With the growing popularity of social networking websites, such as MySpace, it is not very surprising to hear that people are looking to extend the concept into other spaces. Unfortunately, "other spaces" all tend to be in the real world, as opposed to the digital one, where people are likely to be interacting and networking already. One new restaurant in Los Angeles thinks that they have come up with a good balance of real and digital interactions - whether it will be a success remains to be seen.
At uWink Bistro, the customers will have computer touch screens at their tables, from which they can order food without the need for a waiter/waitress. Once their order has been placed, they can play games on the screen or challenge other tables to tournaments. Diners will be sitting in the restaurant, physically with other people, but will virtually interact with the others around them.
Now, the restaurant creators have an unsurprisingly self-promoting blog about the creation of the Bistro that seems to contrast a couple of the points I mentioned above. For example, they say that they want their games to stimulate conversation, not stifle it. They also want the games to appeal to people of every gender and age, have breaks for food, be easy to use, etc., etc. But if you ask gamers, they will tell you not only that engrossing games are the games worth playing, but that a game people "can play" and "want to play" are completely different things. Games that are suitable for 8 year olds and 80 year olds alike are not going to be a draw. At least, they don't sound like they'll be a draw to their target audience of women ages 21-35.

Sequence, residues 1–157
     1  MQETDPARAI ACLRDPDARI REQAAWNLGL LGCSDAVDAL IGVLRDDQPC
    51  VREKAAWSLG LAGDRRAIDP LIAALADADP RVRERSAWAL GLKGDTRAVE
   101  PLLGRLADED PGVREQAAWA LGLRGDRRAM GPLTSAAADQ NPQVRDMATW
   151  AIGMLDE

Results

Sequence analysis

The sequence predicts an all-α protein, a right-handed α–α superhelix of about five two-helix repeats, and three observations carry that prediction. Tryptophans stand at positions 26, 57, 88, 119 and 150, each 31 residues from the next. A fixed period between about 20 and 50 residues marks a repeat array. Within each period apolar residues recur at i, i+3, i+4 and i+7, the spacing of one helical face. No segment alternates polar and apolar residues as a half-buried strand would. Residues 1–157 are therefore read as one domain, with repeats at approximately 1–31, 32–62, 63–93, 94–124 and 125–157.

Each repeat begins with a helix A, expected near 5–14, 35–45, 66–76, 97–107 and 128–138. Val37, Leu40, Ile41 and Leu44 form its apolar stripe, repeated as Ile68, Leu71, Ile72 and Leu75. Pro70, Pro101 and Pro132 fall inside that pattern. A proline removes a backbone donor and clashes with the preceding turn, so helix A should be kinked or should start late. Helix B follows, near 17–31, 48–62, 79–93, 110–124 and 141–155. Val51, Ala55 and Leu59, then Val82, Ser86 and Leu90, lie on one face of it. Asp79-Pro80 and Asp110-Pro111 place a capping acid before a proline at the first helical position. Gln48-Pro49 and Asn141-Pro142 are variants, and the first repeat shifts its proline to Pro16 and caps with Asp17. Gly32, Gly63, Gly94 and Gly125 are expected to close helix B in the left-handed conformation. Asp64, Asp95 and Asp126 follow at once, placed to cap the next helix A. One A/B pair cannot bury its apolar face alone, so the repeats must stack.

The restaurant will be opening at some point in Woodland Hills, for those of you in the area who might be interested, but they company intends to make the Bistro into a chain. Does this sound like an appealing concept? Is this a restaurant that you would want to go to (especially if you are in the target age group)?